The performance of US firms in China worsened last year for the second year in a row, hurt by a slowdown in the economy and a more challenging regulatory environment, a business group said yesterday.
The American Chamber of Commerce in Shanghai said fewer of its member companies reported being profitable or increasing revenue in an annual survey of China’s business climate.
“US managers should no longer expect China’s economy to grow at the same double-digit rates of years past,” stated the China Business Report 2012-2013, which surveyed more than 400 of the chamber’s members.
“The ‘new normal’ for US companies in China will be characterized by a maturing economy that is likely to generate weaker growth returns and rising business challenges,” the report added.
Challenges included surging costs for labor and taxes, finding and retaining employees, growing competition and murky government policies, the group said.
Last year, 71 percent of companies responding to the survey reported rising revenue, less than the 80 percent the previous year. And 73 percent of companies said they were profitable last year, down from 78 percent in 2011.
The Chinese economy — the world’s second-largest — expanded just 7.8 percent last year, its slowest pace in 13 years, in the face of weakness at home and in key overseas markets.
That helped foreign direct investment in China to fall for the first time in three years, declining to US$111.72 billion from an all-time high of US$116 billion in 2011.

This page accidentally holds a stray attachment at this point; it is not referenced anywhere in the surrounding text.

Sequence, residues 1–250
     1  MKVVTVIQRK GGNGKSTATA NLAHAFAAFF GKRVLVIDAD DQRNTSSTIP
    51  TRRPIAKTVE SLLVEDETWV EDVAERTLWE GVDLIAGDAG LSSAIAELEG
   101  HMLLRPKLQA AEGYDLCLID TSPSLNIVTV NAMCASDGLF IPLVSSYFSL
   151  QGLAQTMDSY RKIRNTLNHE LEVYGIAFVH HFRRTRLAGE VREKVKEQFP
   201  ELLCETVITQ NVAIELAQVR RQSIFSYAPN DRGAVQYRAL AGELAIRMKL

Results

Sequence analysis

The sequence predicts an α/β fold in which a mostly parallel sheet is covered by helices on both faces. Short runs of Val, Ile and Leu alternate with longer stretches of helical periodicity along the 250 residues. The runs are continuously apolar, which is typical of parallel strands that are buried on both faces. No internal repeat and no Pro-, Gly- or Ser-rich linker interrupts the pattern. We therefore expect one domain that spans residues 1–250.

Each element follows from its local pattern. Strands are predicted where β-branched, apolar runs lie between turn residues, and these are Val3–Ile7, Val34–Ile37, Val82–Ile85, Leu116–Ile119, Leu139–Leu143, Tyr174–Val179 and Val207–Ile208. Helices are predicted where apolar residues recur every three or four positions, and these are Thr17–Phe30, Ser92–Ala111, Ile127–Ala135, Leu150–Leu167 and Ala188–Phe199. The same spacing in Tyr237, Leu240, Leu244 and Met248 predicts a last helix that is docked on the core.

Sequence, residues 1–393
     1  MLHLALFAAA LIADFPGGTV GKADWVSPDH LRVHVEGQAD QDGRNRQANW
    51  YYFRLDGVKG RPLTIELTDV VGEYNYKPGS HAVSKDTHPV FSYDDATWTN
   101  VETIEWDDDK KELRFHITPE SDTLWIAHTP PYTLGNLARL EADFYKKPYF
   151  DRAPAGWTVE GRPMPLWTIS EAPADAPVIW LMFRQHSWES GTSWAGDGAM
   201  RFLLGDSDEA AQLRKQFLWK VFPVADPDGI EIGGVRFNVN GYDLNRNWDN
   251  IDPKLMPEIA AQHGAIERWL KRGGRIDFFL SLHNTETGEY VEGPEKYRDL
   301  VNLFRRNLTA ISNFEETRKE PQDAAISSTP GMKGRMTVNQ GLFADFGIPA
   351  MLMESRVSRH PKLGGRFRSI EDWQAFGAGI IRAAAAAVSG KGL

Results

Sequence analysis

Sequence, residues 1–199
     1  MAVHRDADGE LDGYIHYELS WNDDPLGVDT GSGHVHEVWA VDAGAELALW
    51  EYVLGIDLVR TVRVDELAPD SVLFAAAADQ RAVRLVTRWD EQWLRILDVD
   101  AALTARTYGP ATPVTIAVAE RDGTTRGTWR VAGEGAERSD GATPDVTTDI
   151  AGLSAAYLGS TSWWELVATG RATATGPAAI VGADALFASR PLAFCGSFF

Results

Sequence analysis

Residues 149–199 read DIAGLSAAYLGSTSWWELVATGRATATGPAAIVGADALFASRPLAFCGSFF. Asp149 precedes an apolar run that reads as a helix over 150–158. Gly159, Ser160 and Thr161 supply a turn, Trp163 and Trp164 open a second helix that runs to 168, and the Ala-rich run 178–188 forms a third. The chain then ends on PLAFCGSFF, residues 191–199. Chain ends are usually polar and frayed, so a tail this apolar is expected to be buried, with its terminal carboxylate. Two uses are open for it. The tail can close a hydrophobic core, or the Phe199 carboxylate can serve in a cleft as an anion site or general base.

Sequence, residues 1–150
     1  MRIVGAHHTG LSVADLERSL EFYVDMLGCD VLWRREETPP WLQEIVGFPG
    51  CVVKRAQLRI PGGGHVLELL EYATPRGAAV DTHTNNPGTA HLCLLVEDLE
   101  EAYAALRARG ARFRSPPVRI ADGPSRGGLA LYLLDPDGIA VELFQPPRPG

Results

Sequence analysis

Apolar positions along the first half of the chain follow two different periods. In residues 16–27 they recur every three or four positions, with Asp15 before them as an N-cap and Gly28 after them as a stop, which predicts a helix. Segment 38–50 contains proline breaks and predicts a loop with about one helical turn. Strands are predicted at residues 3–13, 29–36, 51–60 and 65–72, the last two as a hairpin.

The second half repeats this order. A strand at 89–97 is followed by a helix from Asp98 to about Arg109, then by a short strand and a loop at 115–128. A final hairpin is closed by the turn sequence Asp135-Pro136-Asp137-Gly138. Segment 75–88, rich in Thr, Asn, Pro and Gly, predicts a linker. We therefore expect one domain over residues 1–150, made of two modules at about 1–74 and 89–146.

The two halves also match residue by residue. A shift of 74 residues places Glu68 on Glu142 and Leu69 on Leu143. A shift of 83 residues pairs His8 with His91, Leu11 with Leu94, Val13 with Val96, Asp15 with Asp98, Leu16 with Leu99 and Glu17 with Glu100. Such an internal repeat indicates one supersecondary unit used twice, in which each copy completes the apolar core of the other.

Still, China remained a “vital market” for US companies, the chamber said, with nearly two-thirds of firms saying revenue growth in China was greater than their global figure.
Chinese government policies, which lack transparency and tend to favor domestic companies, were a hindrance and more than two-thirds of firms surveyed said the regulatory environment had not improved or had even deteriorated last year.
“It is incumbent upon China to address the more fundamental regulatory and policy issues,” the chamber said. “These include a lack of transparency, a tangled web of bureaucracy and other regulatory challenges.”
In a case that shook the foreign business community in China, US equipment giant Caterpillar Inc said in January it would take a US$580 million charge after uncovering “accounting misconduct” at a newly acquired Chinese firm.
Analysts said the stumble by a Chinese market veteran served as a reminder of the pitfalls of doing business in the hugely promising market.